It’s becoming increasingly rare, but once in a while it is possible to find interesting coins in your pocket change. Professional and amateur coin collectors tend to snap these up so the coins are taken out of circulation, and many of the most interesting coins are aging and damaged.
I do not use cash on a daily basis, so it’s infrequent that I can sift through pocket change looking for circulated versions of the more rare coins. Here are a few things that are still common enough to find in pocket change, although I haven’t had much luck with any of these.
Although I occasionally consider myself an amateur coin collector, the fact that I have very few of the below proves that this is not a hobby that I’ve put a lot of effort into. I don’t use cash enough to be able to sift through a significant amount of change. I’ve occasionally picked up boxes of coins from the bank for sifting, but it’s rare that I find anything that’s not already accounted for in my Whitman coin collecting holders.
1. Mercury dimes. From 1916 through 1945, the front (obverse) of the dime featured the profile of a woman representing the concept of liberty. The wings on her cap evoke the image of Mercury, the Roman god of commerce. The back (reverse) of the Mercury dime features fasces, symbols of strength in ancient Rome, with an olive branch, symbolizing peace.
I have no Mercury dimes in my collection.
2. Buffalo nickels. In 1913, the nickel was redesigned to feature the profile of a Native American on the obverse and an American buffalo (bison) on the reverse. So far, even with sifting through a box of nickels from the bank, I’ve only come across one buffalo nickel. But if you have more luck than I have, you may come across a 1936 or 1937 coin in which the buffalo is depicted with three legs rather than the expected four. This variety is rare and would be worth money, perhaps $1,000 in exceptional quality.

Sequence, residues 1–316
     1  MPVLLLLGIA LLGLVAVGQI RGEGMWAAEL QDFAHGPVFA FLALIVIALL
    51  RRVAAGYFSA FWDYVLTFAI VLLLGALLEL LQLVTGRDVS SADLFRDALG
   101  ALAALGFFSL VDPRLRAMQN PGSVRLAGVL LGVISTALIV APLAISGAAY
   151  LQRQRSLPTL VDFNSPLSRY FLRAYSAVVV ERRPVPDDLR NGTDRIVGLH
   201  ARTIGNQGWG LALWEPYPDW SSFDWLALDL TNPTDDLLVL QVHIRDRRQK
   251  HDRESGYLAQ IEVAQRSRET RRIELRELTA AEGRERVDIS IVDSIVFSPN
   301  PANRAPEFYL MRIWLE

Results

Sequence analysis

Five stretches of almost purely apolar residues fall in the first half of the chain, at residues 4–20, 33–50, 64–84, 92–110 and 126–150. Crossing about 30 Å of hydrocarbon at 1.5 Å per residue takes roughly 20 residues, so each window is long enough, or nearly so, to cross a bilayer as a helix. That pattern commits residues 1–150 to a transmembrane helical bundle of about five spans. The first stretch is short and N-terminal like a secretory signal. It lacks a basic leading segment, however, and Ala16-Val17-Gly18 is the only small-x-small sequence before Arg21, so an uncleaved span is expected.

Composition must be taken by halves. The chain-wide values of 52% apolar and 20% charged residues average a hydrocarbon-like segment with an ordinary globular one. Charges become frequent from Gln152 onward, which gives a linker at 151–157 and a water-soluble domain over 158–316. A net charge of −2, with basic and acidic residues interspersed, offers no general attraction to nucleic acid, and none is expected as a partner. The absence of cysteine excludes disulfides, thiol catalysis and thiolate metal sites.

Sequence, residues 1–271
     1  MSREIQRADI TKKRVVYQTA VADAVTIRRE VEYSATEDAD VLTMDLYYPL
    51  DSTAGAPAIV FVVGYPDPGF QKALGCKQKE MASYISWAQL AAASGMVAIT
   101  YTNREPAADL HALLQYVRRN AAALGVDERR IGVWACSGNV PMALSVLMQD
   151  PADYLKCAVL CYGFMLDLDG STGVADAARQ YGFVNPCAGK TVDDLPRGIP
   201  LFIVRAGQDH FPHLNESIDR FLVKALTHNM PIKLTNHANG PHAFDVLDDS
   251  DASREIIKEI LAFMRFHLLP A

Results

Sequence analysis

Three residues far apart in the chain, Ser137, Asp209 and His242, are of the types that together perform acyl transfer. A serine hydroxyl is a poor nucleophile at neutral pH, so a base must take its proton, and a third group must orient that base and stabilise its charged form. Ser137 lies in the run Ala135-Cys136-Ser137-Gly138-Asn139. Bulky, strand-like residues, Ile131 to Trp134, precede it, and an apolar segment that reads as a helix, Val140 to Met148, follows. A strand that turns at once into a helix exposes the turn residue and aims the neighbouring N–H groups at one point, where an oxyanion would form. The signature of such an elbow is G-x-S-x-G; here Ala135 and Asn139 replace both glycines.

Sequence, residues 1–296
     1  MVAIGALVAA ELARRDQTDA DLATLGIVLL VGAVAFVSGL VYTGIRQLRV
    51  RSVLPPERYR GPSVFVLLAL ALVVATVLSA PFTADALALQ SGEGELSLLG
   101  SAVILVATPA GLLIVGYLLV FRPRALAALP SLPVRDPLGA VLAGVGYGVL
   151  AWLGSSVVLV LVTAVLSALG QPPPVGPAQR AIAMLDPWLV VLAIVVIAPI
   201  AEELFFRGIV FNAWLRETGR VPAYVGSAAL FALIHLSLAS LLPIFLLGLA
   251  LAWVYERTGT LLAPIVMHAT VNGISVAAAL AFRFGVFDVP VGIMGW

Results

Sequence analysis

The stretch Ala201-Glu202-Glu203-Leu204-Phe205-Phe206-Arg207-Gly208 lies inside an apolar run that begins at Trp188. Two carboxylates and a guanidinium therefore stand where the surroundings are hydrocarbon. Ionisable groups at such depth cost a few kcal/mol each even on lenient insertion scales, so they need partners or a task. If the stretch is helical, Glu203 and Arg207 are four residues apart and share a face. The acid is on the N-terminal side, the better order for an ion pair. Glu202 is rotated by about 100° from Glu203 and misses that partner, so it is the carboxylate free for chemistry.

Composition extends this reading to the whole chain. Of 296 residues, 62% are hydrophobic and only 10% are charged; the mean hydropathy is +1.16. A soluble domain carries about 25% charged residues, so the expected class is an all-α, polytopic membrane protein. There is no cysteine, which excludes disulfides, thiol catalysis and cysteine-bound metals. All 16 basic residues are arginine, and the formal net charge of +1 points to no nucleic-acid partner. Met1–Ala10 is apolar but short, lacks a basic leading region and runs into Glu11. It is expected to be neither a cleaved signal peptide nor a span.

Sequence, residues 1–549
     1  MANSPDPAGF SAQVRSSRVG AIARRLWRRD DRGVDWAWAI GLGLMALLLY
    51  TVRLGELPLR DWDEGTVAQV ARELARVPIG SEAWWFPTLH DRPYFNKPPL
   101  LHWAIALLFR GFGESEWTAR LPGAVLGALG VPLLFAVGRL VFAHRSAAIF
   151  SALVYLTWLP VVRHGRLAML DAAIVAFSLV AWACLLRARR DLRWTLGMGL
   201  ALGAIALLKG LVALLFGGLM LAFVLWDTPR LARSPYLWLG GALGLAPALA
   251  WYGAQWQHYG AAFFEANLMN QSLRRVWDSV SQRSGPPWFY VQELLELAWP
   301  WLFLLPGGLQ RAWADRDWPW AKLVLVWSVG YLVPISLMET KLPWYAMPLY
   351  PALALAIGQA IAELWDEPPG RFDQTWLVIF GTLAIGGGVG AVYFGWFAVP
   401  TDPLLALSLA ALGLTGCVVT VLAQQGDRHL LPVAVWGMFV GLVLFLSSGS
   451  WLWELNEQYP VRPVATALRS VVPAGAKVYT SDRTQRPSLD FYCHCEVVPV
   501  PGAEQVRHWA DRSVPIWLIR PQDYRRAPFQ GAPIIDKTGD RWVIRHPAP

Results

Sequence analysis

The buffalo nickel was replaced by the more familiar Jefferson nickel in 1938.
3. Wheat cents. To honor the 100th anniversary of Abraham Lincoln’s birth, in 1909 the cent became the first coin to depict an American politician. Victor D. Brenner designed the obverse of the coin using a portrait of the former president as a guide. In that first year of the new design, one version of the coin included the designer’s initials on the reverse. If you find V.D.B. on the reverse of a 1909 coin, it could be worth from a few dollars to over a thousand.
When I was six or seven years old, I had a book of wheat cents almost half full. Unfortunately, some time in the past three decades I misplaced that book. Now, I have only a few wheat cents in my collection.
The wheat cent was replaced by the familiar Lincoln Memorial cent in 1959. The obverse remained the same but the reverse received a new design.
There are other interesting coins out there. In fact, there are errors and varieties within the above categories that increases their interestingness, and in some cases, value. But even a casual collector has a good chance of coming across Mercury dimes, buffalo nickels, and wheat cents if paying attention.
Updated January 26, 2011 and originally published December 7, 2009. If you enjoyed this article, subscribe to the RSS feed or receive daily emails. Follow @ConsumerismComm on Twitter and visit our Facebook page for more updates.